The following year he became Assistant Editor. He edited the 1982, 1983, 1984 and 1985 editions of The Smash Hits Yearbook. At Smash Hits, an opportunity arose. While there, Tennant arranged to meet a producer whom both he and Lowe admired. Tennant mentioned that he was writing songs in his spare time and Orlando agreed to record some tracks with him and Lowe at a date. Orlando subsequently produced the Pet Shop Boys' first single, "West End Girls". Alongside his work with Chris Lowe as Pet Shop Boys, Tennant has worked on several side projects including: In 2017, Tennant duetted with Chrissie Hynde on a song called "Let's Get Lost", which appeared on the 2016 album Alone by The Pretenders. In 2014, Tennant provided vocal on "Were You There" by Diamond Version. In 2008, Tennant's vocals featured in The Killers' Christmas song "Joseph, Better You Than Me" alongside Brandon Flowers and Elton John. In 2007, Tennant co-produced Rufus Wainwright's album Release the Stars. In June 2006, Tennant provided backing vocals on "Throw" by DJ Fresh.
In 2005, Tennant sang on the track "Tranquilizer" by DJ Tom Stephan. Under numerous guises and aliases, Stephan had remixed Pet Shop Boys tracks such as "Paninaro'95", "Minimal", "New York City boy" and "Sexy Northerner". In 1998, along with Neil Hannon of The Divine Comedy, Tennant sang backing vocals on the Robbie Williams' single "No Regrets". In April 1996, Tennant's vocals were featured on two live recordings by the British group Suede that were released as b-sides to their single "Filmstar". One track was a cover of the Pet Shop Boys track "Rent", while the second was a duet with Suede singer Brett Anderson on the Suede song "Saturday Night", he worked with Electronic. Tennant sang backing vocals on their first single "Getting Away With It" in 1989, while taking lead vocals on the 1992 single "Disappointed". Along with Lowe, he wrote and appeared on the Electronic album track "The Patience of a Saint", on which he shared lead vocals with Bernard Sumner. Tennant is gay, revealing his sexuality in a 1994 interview in Attitude magazine.
He is a patron of the Elton John AIDS Foundation. He maintains a house in County Durham in the North East countryside. In 1998, Tennant was named in a list of the biggest private financial donors to the Labour Party. However, in the 2005 general election he voted for the Liberal Democrats, citing disillusionment with Labour's ID card scheme; the Pet Shop Boys agreed to personal appeals by major Conservative figures Boris Johnson and David Cameron for the group to play at the "winners' parade" taking shortly after the 2012 Summer Olympics closing ceremony. Enjoying the event's atmosphere and how their stage presence turned into a well-received performance, Tennant subsequently texted Cameron's staff pushing Cameron to use gay scientist Alan Turing's centenary year as impetus for the British government to formally pardon Turing; the formal pardon did, in fact, go through on 24 December 2013, with the related official paperwork signed by Queen Elizabeth II. Tennant has praised the group The Specials and singer-songwriter Elvis Costello, highlighting the former's track "Ghost Town" and the latter's track "Shipbuilding" as protest songs putting politics into pop music.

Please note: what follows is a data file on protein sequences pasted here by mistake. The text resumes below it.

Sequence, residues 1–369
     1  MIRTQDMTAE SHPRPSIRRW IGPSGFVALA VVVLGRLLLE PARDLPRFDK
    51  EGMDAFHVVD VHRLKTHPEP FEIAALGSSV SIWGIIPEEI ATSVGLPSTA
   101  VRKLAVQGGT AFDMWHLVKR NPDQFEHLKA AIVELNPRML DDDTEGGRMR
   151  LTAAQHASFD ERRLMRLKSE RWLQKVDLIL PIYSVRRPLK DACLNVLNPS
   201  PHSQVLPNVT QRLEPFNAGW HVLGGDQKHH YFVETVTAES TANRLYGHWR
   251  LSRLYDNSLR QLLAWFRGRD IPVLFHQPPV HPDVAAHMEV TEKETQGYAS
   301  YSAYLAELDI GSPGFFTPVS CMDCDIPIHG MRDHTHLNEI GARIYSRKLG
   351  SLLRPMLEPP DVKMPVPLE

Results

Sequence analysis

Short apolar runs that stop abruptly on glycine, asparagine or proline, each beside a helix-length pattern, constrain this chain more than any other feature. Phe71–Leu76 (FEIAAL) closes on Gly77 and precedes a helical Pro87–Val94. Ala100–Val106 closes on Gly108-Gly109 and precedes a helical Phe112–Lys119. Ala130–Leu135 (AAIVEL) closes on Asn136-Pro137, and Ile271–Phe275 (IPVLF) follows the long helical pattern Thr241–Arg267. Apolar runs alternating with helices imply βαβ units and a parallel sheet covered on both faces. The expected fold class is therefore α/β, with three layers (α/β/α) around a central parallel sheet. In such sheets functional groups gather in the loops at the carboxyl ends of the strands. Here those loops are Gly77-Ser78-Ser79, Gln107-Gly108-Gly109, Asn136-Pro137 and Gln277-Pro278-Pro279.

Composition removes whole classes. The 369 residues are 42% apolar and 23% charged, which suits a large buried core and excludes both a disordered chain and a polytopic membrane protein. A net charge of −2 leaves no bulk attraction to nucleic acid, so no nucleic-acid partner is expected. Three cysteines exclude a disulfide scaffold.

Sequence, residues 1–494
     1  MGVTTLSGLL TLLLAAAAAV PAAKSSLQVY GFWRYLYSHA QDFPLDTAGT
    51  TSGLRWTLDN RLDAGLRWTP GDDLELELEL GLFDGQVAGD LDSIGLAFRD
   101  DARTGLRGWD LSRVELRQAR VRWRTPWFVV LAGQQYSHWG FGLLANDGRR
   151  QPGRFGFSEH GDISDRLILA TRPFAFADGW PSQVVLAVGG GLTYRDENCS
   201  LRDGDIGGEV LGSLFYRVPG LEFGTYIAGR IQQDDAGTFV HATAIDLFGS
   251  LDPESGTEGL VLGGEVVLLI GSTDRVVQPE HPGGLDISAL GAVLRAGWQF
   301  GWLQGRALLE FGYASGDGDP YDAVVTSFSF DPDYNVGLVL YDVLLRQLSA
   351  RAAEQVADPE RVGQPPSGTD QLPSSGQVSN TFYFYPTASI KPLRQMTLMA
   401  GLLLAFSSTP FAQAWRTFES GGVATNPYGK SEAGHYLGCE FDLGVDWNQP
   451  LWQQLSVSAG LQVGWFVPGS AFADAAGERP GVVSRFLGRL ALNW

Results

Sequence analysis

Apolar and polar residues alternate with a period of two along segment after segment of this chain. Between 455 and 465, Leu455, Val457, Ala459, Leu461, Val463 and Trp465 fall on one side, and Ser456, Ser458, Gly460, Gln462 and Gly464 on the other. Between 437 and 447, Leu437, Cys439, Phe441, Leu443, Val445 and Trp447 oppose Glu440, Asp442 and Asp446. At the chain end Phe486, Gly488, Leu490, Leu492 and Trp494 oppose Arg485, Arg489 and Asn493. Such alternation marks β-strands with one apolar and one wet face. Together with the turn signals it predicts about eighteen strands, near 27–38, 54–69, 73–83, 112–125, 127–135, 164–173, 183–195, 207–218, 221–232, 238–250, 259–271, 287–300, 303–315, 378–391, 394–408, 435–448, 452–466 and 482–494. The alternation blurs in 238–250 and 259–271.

He has complained about ageism in the music industry, stating in 2013 that several individuals have told him that they wanted to play Pet Shop Boys songs yet could not because informal polic
The British Broadcasting Corporation is a British public service broadcaster. Its headquarters are at Broadcasting House in Westminster, it is the world's oldest national broadcasting organisation and the largest broadcaster in the world by number of employees, it employs over 20,950 staff in total. The total number of staff is 35,402 when part-time and fixed-contract staff are included; the BBC is established under a Royal Charter and operates under its Agreement with the Secretary of State for Digital, Culture and Sport. Its work is funded principally by an annual television licence fee, charged to all British households and organisations using any type of equipment to receive or record live television broadcasts and iPlayer catch-up; the fee is set by the British Government, agreed by Parliament, used to fund the BBC's radio, TV, online services covering the nations and regions of the UK. Since 1 April 2014, it has funded the BBC World Service, which broadcasts in 28 languages and provides comprehensive TV, online services in Arabic and Persian.